But of course with sports you not only have the thrill of victory, but you also have the agony of defeat. While every competition has winners and losers, unfortunately some competitions have those athletes who get injured. None of us like getting injured, but that's the nature of playing sports. Think about being in elite company, whether you're a professional athlete or an Olympian, working, training for years, dedicating your life to your craft, only to succumb to injury. So frustrating. So heart-breaking. And, sadly, for some athletes, it seems as though they are always getting injured.
But are some athletes truly injury prone, or are they just dysfunctional? In other words, are they "unlucky," or are they writing checks their body can't cash? (Thanks, Top Gun)
While some might argue that certain athletes are injury prone, I believe if we examined what was actually happening with the athlete's body, we would see that joint dysfunction is the underlying cause of their injury. What I see when I watch sports is that all athletes have a functional "ceiling." Our body has adapted and compensated to the point where we're "capped" on what movements we can do without pain and injury. Depending on our dysfunction(s), what is painful for one person might not be for another, and what's challenging for me might be completely easy for you. It's important to remember that, by design, we humans are supposed to be able to do all types of movement pain free. Essentially, if you can fathom it, you can do it. However, for many of us, that's just not the case, and I want to explain why and show you a couple examples of what I'm talking about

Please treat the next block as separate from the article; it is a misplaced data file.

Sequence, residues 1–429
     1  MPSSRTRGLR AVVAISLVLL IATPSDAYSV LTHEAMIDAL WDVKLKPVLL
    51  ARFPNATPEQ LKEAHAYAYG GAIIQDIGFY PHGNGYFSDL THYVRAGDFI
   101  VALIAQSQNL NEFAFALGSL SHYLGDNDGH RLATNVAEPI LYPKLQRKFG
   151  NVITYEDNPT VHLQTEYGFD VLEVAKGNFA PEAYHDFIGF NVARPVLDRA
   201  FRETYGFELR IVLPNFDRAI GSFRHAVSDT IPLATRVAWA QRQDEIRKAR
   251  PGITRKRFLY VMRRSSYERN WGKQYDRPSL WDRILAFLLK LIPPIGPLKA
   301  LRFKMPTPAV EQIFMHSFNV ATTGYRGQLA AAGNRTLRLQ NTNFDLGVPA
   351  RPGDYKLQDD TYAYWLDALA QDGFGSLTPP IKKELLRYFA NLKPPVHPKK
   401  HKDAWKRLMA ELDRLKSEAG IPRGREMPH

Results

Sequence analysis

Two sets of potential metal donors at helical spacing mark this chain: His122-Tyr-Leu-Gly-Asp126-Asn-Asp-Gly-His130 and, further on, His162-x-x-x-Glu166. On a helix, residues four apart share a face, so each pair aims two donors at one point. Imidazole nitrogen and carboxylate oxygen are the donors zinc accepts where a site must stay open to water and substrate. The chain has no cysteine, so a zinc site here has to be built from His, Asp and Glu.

Not only are the Olympics ramping up, but the NFL season is rapidly approaching here in the United States. Just a few days ago it was reported that the Cleveland Browns have appointed Robert Griffin III as their starting quarterback. For those of you not familiar with RG3, he is an incredible athlete and a talented quarterback, but he has been injured throughout much of his playing career, both college and professional. He has suffered a torn Anterior Cruciate Ligament (ACL) on his right knee (multiple times), a torn Lateral Collateral Ligament (LCL) on his right knee, and once dislocated his left ankle while throwing on-the-run.
Many folks say that RG3 is "injury prone," but I just don't buy it. Yes, it's true that he has had multiple injures, but I think the good people evaluating him are overlooking one glaring piece of the puzzle. While most of them have been focused on the site of the injury--the ACL, LCL, and his dislocated ankle--I'm focusing on what I see after watching only 30 seconds of this video:
Did you notice that his left hip isn't doing anything?
He's squatting an incredible amount of weight and basically only using his right side, especially on his way up out of the squat.
Is anyone else seeing this?